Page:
By Lauren Bull
These two men hold an astonishing amount of power in their tiny little hands, and seem to be reading from the same how-to-make-racists-and–influence-people playbook. The similarities are striking:
1. The way they talk about migrants:
Who can forget Peter Dutton’s logistically impossible claim that ‘illiterate and innumerate’ refugees would ‘languish’ on the dole and simultaneously take Australian jobs? Or his plainly racist opinion that settling Lebanese migrants in Australia decades ago was a mistake?
His American sweetheart Trump must have been reading from the same page when he referred to Mexican immigrants living in the United States as ‘people that have lots of problems…they’re bringing drugs, they’re bringing crime. They’re rapists.’… Or when he labelled undocumented migrations ‘criminal aliens’ and pledged that they would be ‘gone’, in a speech swooned over by a former Ku Klux Klan Imperial Wizard.
2. The unbelievable reach of their personal powers
In Australia, the Minister for Immigration has more personal power than any other Government Minister. And yes, that includes the Prime Minister. This personal power is non-compellable, which means that Dutton can’t be forced to consider people’s cases. When he does consider cases, his decisions are often guided by the test of ‘personal ministerial satisfaction.’ If this test sounds like it means Dutton can do as he pleases, it’s because he can.
To make matters even worse, when Dutton makes decisions about people’s lives on the basis of ‘national interest’ or the ‘public interest’, the courts can’t review whether that decision is fair or just or even lawful. The Minister literally answers to no one.
In a similar vein, the President of the United States has the power of the Executive Order at their fingertips, should they be dissatisfied with legislative decision-making. The courts can rein in executive orders – as we have seen with Trump’s ‘Muslim ban’ – but in reality this only occurs in very limited circumstances, including when the Executive Order is illegal or unconstitutional.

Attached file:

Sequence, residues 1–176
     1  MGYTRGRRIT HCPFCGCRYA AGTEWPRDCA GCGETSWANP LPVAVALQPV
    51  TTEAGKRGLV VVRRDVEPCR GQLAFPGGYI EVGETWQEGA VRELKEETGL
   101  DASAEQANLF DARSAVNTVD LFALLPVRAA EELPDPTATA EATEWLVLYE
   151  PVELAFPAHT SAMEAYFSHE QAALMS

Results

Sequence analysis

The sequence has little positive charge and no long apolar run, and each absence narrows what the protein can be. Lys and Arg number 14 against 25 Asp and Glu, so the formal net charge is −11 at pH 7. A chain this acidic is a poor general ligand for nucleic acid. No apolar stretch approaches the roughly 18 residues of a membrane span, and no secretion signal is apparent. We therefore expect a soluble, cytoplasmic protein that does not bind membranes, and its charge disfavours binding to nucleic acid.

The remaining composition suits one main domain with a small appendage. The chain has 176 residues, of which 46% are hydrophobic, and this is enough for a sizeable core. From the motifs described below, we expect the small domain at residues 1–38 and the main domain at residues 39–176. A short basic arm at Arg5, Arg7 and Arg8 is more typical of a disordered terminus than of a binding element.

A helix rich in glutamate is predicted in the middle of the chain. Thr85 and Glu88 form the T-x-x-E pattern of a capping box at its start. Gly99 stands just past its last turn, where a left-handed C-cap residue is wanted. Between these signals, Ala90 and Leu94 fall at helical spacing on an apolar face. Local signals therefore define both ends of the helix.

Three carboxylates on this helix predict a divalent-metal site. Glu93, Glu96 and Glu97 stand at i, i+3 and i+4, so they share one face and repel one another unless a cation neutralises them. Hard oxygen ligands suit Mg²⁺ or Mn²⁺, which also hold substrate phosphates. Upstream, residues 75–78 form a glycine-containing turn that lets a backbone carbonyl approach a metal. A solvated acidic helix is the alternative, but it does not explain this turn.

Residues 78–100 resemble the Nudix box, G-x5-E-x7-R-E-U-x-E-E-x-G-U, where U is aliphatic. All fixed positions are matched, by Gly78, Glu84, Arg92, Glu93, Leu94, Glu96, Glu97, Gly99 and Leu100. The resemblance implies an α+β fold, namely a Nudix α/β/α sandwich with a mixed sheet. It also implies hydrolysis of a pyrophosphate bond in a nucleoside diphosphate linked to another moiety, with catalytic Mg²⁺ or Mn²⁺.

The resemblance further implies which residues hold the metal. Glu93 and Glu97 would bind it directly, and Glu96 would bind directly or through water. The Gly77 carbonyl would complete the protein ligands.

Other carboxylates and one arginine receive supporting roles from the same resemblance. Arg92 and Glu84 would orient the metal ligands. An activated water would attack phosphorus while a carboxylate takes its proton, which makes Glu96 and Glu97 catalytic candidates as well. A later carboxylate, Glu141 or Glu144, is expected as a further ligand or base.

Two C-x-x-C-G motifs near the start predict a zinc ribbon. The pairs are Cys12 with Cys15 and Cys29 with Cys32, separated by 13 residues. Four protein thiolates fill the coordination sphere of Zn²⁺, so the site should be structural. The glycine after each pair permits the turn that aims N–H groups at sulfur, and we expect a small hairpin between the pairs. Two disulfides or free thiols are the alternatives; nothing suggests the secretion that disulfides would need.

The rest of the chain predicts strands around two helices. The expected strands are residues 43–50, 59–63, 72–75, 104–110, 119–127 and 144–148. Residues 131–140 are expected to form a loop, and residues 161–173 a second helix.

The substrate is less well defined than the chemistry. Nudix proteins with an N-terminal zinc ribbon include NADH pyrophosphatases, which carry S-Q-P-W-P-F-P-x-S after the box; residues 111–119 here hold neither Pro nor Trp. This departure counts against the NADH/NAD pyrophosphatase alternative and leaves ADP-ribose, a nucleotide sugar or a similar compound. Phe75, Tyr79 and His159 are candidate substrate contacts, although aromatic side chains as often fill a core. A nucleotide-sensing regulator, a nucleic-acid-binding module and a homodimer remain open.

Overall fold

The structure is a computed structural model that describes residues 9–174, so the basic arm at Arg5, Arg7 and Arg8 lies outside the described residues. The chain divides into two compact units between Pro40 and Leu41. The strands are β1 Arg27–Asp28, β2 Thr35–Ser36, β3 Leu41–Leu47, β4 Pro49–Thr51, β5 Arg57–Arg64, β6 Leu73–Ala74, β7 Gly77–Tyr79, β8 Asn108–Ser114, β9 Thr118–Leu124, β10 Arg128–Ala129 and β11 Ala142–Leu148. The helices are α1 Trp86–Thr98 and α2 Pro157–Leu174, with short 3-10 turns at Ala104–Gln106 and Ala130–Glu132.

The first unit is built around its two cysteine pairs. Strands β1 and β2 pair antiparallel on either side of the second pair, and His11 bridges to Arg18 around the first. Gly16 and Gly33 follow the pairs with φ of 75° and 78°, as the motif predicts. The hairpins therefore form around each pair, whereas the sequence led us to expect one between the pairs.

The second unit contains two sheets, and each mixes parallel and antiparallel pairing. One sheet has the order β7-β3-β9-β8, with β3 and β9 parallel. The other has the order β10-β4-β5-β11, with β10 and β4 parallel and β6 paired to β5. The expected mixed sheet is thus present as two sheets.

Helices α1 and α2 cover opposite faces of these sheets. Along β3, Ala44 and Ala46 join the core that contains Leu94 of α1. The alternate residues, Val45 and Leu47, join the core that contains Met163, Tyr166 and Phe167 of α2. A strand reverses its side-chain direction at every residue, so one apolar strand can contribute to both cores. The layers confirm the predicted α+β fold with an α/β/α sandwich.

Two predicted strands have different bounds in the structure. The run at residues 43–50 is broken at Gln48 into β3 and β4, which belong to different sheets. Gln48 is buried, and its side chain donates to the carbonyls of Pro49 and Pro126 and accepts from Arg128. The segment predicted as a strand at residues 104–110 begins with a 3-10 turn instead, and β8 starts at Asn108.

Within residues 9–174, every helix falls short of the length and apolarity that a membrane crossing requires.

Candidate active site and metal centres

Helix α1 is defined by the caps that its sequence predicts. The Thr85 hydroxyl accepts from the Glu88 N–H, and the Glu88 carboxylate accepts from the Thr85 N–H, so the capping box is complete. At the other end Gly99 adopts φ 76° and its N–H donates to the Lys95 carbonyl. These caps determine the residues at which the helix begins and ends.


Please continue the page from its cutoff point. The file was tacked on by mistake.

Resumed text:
Who can forget Peter Dutton’s logistically impossible claim that ‘illiterate and innumerate’ refugees would ‘languish’ on the dole and simultaneously take Australian jobs?
3. The way one decision by these men can cause chaos
The decision to send a person to Nauru or Manus Island is one for the Minister alone to make. Every time the Minister sends a person offshore or refuses to bring them here, he wields power over that person’s life: we know that offshore detention often separates families and causes lasting physical and mental health problems.
In a particularly horrific case last Christmas, Minister Dutton chose not to exercise his ministerial power to help Faysal Ishak Ahmed, who died as a result. Knowing the health risks Faysal was facing, Mr Dutton decided to leave him languishing in an unsafe, inadequate and terrifying environment.
No one could force Dutton to act in this situation as he can’t be compelled to use his personal powers. And his failure to act caused the death of a young father.
Across the other side of the world, Trump’s ‘Muslim ban’ resulted in chaos at airports around the world when people were barred from getting on flights and barred from entering the United States. Again, one man’s thoughtless exercise of power tore apart people’s lives.
These men combine enormous power with narrow minds, and the fact that very few (if any) people can counter their reach is cause for serious concern.